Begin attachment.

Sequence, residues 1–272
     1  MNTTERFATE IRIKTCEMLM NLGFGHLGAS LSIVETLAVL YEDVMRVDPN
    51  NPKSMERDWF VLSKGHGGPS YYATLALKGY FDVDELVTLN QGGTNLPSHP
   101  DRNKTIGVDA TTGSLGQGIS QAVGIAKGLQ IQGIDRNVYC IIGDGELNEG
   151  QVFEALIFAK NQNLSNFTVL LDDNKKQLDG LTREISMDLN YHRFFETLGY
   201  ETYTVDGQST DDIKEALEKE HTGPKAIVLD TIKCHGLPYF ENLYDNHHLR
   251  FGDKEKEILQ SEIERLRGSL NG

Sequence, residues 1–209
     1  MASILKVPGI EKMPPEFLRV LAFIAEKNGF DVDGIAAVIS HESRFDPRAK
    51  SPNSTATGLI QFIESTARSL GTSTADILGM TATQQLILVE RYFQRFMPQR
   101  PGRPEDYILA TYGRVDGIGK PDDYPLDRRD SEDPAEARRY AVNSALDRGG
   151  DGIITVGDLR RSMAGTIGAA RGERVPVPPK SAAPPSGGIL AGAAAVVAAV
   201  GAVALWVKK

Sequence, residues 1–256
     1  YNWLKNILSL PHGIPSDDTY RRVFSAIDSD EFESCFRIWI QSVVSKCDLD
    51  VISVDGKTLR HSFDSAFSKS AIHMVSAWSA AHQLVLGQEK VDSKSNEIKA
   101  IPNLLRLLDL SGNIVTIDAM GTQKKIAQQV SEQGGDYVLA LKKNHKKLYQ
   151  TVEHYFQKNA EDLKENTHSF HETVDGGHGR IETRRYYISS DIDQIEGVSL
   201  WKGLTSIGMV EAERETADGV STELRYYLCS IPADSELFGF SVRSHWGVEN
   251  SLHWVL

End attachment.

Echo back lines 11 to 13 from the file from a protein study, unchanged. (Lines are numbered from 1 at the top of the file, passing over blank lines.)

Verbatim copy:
   101  PGRPEDYILA TYGRVDGIGK PDDYPLDRRD SEDPAEARRY AVNSALDRGG
   151  DGIITVGDLR RSMAGTIGAA RGERVPVPPK SAAPPSGGIL AGAAAVVAAV
   201  GAVALWVKK